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Closeout (sale)

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Title: Closeout (sale)  
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Subject: High–low pricing, Fire sale, List price, The Summit (Wheatfield, New York), Wonderland Village
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Closeout (sale)

Liquidation sale at Circuit City in Raleigh, North Carolina in February, 2009
Woolworths in Keswick on its final day of trading in December 2008

A closeout or clearance is the final sale of an item or items to zero inventory. It may be a given model of item that is not selling well, or in the case of the final closure of a retailer because of a relocation, a fire (fire sale), or especially because of a bankruptcy. In the latter case, it is usually known as a going-out-of-business sale, and is part of a liquidation. A "hail sale" is a closeout at a car dealership after hail damage. Often, when the store is shutting down, they let people know that this is their last chance to buy the merchandise. However, often it's companies that can't sell their inventory, inventors that had a bad idea or businesses that are looking for fast cash flow to pay their bills such as payroll, etc.

A closeout store is a retailer specializing in buying closeout items wholesale from other retailers and selling them at a discount. Big Lots is a well-known closeout store chain in the U.S., but other stores such as TJ Maxx, Ross Dress For Less, Marshalls, and Value City are also common, specializing more in clothing and housewares.

Some clearance merchandise is non-returnable at some stores, as the intent is of course to get rid of the items. This is especially the case with liquidation and store-closing sales. However, in many jusrisdictions such as the United Kingdom, consumers retain their usual rights during a sale, such as the right to return faulty goods (under the Sale of Goods Act 1979) and the right to return goods granted by the Distance Selling Regulations.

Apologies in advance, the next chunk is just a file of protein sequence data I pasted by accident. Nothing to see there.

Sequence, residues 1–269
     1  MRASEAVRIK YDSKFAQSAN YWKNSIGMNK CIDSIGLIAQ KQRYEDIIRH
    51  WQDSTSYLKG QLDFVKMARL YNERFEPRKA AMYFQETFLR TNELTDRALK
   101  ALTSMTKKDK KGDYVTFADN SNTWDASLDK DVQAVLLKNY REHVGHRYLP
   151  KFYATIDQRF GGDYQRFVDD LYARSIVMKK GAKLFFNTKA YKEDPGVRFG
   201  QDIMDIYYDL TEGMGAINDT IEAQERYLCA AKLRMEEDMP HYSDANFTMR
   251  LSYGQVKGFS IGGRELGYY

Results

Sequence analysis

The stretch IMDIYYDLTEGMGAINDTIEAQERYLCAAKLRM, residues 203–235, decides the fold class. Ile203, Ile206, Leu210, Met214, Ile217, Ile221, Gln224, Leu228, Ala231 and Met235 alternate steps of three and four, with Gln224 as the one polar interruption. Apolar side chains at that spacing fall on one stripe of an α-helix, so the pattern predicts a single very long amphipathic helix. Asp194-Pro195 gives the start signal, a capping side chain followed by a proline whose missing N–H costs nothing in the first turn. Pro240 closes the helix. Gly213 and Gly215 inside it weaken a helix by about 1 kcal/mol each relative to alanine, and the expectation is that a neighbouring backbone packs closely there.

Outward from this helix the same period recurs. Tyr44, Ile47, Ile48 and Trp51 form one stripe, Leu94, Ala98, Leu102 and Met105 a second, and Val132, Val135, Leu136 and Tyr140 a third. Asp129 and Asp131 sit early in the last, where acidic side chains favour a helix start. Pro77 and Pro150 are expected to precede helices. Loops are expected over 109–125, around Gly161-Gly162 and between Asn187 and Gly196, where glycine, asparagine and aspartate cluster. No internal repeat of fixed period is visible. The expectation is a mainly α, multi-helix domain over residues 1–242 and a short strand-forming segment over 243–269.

Rather than storing merchandise until the following year, almost every U.S. store also has post-Canada, “Boxing Day sales” draw large crowds of shoppers seeking after-Christmas closeout deals.

Some stores do pack-up holiday merchandise after going 50% off for a week or so, but often fail to remove the items from shelves before going back to regular price, especially if the items are non-perishable. A few merchants actually get credit back from vendors if they do not sell certain merchandise (this, in turn, is more common with perishable merchandise, such as fresh food), who in turn may sell it to a closeout store at reduced prices.

Some customers take note of when specific retailers normally mark down merchandise further, showing up at the store on the very first day for the best selection. More general seasonal merchandise (such as winter clothing or summer patio furniture) is also put on clearance, but at more irregular times, making way for new fashions and fads.

Even thrift stores have "rolling" closeouts. In this case, all merchandise put out in a given week is given a colored tag, or a letter to indicate what color if the item is directly marked with a grease pencil. During the last week before the color is used again, everything marked in that color is discounted, usually by 50%. At the end of the week, all remaining item with that tag color are removed from the shelves. There are typically four colors, so that all merchandise is rotated every [[

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